Facebook has been testing new computing inputs using a sensor-filled wrist wearable. The question is: will this work and deepen our ties with the social media? Most likely yes.
Key takeaways on Facebook’s wristwear
- Facebook is working on a new wearable AR (Augmented Reality) and VR (Virtual Reality) device
- The wristwear would detect electric neural signals and allow users to perform actions with the flick of a finger.
- This could be the first step in a paradigm shift which might make keyboards and controllers obsolete.
- The technology would cause a major disruption in the digital industry, but it could take up to 10 years before becoming widely available.
Facebook has performed research for some years now
Back in 2017, Facebook already said they were working on a technology that would take away the need of a keyboard, as it lets you type with your brain at a much faster pace. In 2019, Facebook acquired CTRL-Labs, a neural interface start-up. We might have thought that they would get a hold of the technology, assign more developers on the project, and integrate what they can on new AR and VR products.
More recently, Facebook shared its advances on the state of its intelligent click research. Working with CTRL-Labs, the social media company is working on a wrist wearable which would be able to decode nerve impulses and turn them into inputs, such as clicks and swipes. Still some distance away from a “reading-thoughts” device, but it remains impressive.
Facebook hopes wristband technology will allow wearers to manipulate virtual objects overlaid on the real world, such as keyboards. (Source: Facebook)
How does the Facebook wristwear work?
Placed on the wrist like a watch, an electromyography (EMG) device could decipher the electrical signals sent by your nerve systems which travels from the arm to your hand. These electrical signals could be used as inputs for an algorithm which would translate them into actions on the screen. The wrist is most likely the best spot to wear such a device, as it easily fits day-to-day activities. Social acceptance is a key factor for technology adoption: think of success use case (the Apple watch) and failures (Google glasses).
All you have to do once the object is on your wrist is to flick your fingers in space to control virtual actions. Apparently, the device could also learn to recognize tension in your fingers, making it possible to perform actions while remaining perfectly still. Machine learning will allow it to understand your moves and action better, making each device in tune with its user.
This device might be a solution to the issue of the user feeling a lack of agency with their hands in virtual reality. You can grab a controller and play, but how do can you draw or seize an object? Some products with equipped cameras can detect your hand movements, but not with enough precision. This device could be the gateway to more precise hand-computer interactions.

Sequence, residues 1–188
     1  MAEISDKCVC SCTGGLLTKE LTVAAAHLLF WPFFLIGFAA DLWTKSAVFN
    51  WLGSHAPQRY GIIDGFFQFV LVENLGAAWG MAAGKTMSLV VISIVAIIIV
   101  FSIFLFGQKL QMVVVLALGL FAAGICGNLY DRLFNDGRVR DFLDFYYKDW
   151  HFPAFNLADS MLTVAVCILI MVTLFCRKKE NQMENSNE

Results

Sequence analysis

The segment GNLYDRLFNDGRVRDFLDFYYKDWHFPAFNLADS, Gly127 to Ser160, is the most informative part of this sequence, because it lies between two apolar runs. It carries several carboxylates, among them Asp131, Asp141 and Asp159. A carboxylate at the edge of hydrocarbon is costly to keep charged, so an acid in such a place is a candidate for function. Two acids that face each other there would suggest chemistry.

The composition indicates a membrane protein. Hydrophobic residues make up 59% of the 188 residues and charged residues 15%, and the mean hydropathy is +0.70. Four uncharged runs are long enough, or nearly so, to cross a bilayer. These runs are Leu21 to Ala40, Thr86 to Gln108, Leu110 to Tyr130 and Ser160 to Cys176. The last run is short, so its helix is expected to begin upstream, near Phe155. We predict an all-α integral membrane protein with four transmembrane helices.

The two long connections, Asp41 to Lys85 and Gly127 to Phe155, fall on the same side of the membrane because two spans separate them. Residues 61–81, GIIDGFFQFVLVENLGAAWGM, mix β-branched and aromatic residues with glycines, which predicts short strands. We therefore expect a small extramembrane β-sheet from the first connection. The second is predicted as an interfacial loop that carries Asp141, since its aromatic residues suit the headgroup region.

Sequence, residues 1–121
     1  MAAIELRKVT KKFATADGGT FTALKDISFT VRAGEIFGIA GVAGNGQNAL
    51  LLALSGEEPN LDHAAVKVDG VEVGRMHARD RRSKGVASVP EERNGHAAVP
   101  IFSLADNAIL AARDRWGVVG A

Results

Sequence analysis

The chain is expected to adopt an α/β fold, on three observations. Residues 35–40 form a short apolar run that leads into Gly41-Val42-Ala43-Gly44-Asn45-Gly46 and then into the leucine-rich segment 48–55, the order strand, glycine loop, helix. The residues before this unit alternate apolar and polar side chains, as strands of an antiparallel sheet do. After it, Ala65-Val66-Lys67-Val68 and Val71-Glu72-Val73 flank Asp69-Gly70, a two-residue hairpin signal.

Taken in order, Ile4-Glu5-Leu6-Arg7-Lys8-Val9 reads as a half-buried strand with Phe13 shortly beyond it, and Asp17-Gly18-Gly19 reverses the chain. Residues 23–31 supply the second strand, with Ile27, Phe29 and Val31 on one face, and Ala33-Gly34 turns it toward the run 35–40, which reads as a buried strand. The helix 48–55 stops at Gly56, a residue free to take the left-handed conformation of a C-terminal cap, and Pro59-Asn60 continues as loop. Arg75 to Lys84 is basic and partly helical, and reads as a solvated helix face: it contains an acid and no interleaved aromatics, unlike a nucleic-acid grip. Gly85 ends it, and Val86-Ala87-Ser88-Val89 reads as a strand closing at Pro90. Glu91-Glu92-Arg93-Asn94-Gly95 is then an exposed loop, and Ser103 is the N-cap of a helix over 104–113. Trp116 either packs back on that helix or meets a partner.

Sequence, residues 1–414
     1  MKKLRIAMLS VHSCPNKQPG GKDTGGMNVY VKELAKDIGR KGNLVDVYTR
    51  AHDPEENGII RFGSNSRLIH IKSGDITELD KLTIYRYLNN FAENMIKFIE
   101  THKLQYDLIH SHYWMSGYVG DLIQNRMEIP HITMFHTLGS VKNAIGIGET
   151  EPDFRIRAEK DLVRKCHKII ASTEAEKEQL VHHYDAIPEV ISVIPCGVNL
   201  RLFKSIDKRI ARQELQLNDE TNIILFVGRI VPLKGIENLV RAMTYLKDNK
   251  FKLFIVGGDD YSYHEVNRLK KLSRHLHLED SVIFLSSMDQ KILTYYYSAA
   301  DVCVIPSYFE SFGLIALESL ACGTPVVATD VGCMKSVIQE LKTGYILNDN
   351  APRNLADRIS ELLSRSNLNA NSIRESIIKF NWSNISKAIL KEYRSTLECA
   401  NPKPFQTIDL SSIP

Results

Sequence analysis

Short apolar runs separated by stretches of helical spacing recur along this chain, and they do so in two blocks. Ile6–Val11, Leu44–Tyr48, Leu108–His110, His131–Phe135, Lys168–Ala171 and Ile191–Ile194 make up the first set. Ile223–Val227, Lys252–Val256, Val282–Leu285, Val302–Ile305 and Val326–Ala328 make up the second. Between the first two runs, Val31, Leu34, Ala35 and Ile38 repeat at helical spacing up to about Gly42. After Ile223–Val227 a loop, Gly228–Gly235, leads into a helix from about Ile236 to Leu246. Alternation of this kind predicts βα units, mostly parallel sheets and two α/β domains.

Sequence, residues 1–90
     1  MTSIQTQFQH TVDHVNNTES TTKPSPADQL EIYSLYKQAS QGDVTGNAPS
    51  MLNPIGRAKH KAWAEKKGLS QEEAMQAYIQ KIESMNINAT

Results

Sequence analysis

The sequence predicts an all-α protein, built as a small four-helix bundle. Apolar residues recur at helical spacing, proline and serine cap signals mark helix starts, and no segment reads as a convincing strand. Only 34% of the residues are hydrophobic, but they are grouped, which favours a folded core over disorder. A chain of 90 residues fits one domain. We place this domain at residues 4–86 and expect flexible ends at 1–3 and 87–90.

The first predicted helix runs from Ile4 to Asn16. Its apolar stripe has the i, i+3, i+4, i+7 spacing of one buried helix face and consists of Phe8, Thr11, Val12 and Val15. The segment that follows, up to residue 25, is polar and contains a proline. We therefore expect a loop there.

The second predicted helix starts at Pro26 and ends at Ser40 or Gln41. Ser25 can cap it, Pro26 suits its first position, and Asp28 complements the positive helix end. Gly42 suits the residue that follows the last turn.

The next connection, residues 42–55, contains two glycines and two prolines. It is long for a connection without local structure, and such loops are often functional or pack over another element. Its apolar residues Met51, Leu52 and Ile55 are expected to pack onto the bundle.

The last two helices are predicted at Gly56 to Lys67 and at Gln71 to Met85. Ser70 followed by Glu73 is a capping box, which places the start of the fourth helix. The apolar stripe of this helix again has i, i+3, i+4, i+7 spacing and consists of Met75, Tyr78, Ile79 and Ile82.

Why does it matter? Leading the new paradigm shift
While this may look just like another cool gadget, this would be missing the point. Facebook might have a head start in developing what could revolutionize computer and smartphone use as we know. For decades, we have been using mice, keyboards, controllers, or even voice more recently.
With such a device, and the developments that will come with it, Facebook could set one of the milestones towards a true touchless revolution, which could have serious implications. Multi-tasking would take a whole different meaning, access to technology would be facilitated for disabled people, you might even be able to use a computer and send an email without being literate. Additionally, combining this idea with the Internet of Things, what if you could control your oven, shower temperature or lights with a flick of your fingers?
Of course, these are all hypothesis and ideas, as the technology is still in the R&D phase. Some say the technology could take up to 10 years before becoming widely available. It remains exciting, nevertheless. One dark cloud on the horizon: data sharing. Would user accept that a company like Facebook gets access to their nerve system signals or even farther down the road, their thoughts? Open for debate.
Note that other companies are also working on the technology: Apple was said to prepare a release as early as next year. The race to build the next computer paradigm beyond the smartphone has begun.
The research prototype looks like a small iPod for now, but will likely be smaller once the product is finished. (Source: Facebook)
Mind reading and electric signals are not the same
The system is very different than the 2019 brain computer interface study that Facebook worked on with the University of California at San Francisco, which used invasive implants; the same goes for Elon Musk’s Neuralink, a wireless implant which would allow users to directly transmit neuroelectric signals to wireless devices. In other terms, Facebook is not reading our mind. But do they even need this to know what is going on in there anyway?
About the Facebook stock
On a shorter-term basis, we can notice that the stock price is breaking out, as you can see on the following chart: